Featured faculty

Dick Polman

Dick Polman is the Maury Povich "writer in residence," a full-time member of the CPCW faculty, as well as a political columnist and daily blogger for The Philadelphia Inquirer. He spent 22 years on the Inquirer writing staff; most recently, as the national political writer from 1992 to 2006, he covered four presidential elections and dozens of Senate and House races nationwide. At other times, he was a foreign correspondent based in London; a baseball writer covering the Philadelphia Phillies; a general-assignment feature writer; and a longtime regular contributor to the newspaper's Sunday magazine, where he wrote long-form pieces about everything from Nazi war criminals to the comeback of the condom. Prior to the Inquirer, he was a metro columnist on the Hartford Courant, and was the founding editor of an alternative newspaper, the Hartford Advocate. Dick attended George Washington University, where he served as managing editor of the college newspaper, and graduated with a BA in Public Affairs in 1973. He first came to Penn in 1999, when he audited classes during a one-semester fellowship, and he started teaching at Penn part time in 2003. Dick and his wife, Elise Vider, live in Center City. They have a son, who works at Cigna in Center City, and a daughter who attends Bard College.

Anthony DeCurtis

Anthony DeCurtis is a contributing editor at Rolling Stone, where he has written for nearly thirty years, and his work has also appeared in The New York Times and many other publications. He is the author of In Other Words: Artists Talk About Life and Work (Hal Leonard, 2005) and Rocking My Life Away: Writing About Music and Other Matters (Duke University Press, 1998). In addition, he coedited the third editions of The Rolling Stone Illustrated History of Rock & Roll and The Rolling Stone Album Guide (both published by Random House, 1992), and edited Present Tense: Rock & Roll and Culture (Duke, 1992). Most recently he edited Blues & Chaos: The Music Writing of Robert Palmer (Scribner, 2009). His awards include a 1988 Grammy Award in the "Best Album Notes" category for his essay accompanying the Eric Clapton box set "Crossroads," and three ASCAP Deems Taylor Awards for excellence in writing about music. DeCurtis holds a Ph.D. in American literature from Indiana University and lives in New York City.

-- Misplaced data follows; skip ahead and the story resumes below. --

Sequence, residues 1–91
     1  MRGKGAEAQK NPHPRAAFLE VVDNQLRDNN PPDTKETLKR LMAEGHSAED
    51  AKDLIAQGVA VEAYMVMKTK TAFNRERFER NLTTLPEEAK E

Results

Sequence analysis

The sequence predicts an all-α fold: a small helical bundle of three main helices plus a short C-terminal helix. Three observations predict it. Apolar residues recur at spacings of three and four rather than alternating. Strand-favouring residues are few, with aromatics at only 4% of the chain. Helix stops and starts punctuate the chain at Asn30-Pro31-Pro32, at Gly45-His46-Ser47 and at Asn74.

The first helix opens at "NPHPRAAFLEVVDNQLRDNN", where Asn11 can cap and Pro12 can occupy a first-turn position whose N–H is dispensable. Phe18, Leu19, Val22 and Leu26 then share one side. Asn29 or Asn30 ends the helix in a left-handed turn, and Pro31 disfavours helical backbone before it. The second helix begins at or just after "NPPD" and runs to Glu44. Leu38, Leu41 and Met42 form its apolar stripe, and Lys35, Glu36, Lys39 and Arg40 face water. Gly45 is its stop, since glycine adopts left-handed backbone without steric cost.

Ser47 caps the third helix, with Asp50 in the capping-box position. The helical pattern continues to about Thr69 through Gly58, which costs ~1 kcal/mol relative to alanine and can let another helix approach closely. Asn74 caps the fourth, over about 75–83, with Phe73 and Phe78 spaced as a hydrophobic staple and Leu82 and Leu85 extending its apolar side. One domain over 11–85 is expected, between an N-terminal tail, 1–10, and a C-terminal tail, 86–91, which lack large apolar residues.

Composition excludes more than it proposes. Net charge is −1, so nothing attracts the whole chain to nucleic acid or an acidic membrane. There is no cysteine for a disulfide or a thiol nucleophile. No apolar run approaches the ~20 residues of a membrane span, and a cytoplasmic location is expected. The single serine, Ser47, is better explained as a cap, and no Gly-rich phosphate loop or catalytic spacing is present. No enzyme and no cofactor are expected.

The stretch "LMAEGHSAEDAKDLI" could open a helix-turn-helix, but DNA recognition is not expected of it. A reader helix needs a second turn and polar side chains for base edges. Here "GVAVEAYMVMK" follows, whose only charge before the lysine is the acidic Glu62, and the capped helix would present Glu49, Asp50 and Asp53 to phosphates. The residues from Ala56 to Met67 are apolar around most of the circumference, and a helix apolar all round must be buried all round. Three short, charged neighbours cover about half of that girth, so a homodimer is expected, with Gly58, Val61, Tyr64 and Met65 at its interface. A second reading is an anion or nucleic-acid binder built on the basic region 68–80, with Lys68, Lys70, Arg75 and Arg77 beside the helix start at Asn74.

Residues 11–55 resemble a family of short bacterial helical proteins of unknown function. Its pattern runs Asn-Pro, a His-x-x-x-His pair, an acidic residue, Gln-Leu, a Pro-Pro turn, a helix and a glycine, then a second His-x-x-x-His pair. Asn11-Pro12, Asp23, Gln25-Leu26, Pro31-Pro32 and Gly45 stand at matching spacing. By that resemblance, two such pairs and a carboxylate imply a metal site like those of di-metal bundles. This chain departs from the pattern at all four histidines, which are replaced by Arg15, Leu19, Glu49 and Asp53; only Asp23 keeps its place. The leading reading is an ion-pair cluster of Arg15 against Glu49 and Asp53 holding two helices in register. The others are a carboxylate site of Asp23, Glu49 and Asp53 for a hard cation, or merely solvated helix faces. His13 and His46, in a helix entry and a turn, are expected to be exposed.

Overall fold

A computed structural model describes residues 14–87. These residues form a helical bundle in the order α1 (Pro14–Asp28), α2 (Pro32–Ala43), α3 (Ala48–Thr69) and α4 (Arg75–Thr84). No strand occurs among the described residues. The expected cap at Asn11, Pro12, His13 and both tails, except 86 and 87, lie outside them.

Paul Hendrickson

Paul Hendrickson (MP3 of the author) is the 2005 recipient of the Provost's Award for Distinguished Teaching at the University of Pennsylvania. His most recent book, Sons of Mississippi, won the 2003 National Book Critics Circle Award in general nonfiction. It also won the Heartland Prize presented annually by the Chicago Tribune, and in addition was named to many newspapers "Top 10" lists for books published in 2003. The book, which was published by A.A. Knopf and is now out in Vintage softcover, is a study of the legacy of racism in the families of seven Mississippi sheriffs of the 1960s. The research and writing, which took about five years, were supported by both a Guggenheim Foundation fellowship and a National Endowment for the Arts literature fellowship. Before Penn, Hendrickson worked for thirty years in daily journalism. He was a staff feature writer at the Washington Post from 1977 to 2001. Eventually, he came to understand the truth of the old saying that the legs are the first to go, and that the honorable and difficult business of writing perishable pieces on deadline belonged to younger people. He needed to try to find a place--a home--where he could continue to work on books and the occasional magazine article and to be involved with gifted, creative people. So now, luck beyond dream, fortune beyond hope, he finds himself conducting writing workshops full time at Penn in advanced nonfiction. The neophyte professor, hardly young anymore, was born in California but grew up in the Midwest and in a Catholic seminary in the Deep South, where he studied seven years for the missionary priesthood. This became the subject of his first book, published in 1983: Seminary: A Search. His other books, in addition to Sons and Seminary, are: Looking for the Light: The Hidden Life and Art of Marion Post Wolcott (a finalist for the 1992 National Book Critics Circle Award); and The Living and the Dead: Robert McNamara and Five Lives of a Lost War (finalist for the National Book Award in 1996). They, too, were published by Knopf. Hendrickson has degrees in American literature from St. Louis University and Penn State. He is married and lives with his family (world-class wife, two world-class sons) in Havertown, Pennsylvania. Oh, yes: He's deep into his next nonfiction book, which has to do with Ernest Hemingway.


Creative Writing faculty
Critical Writing faculty
Faculty at the Kelly Writers House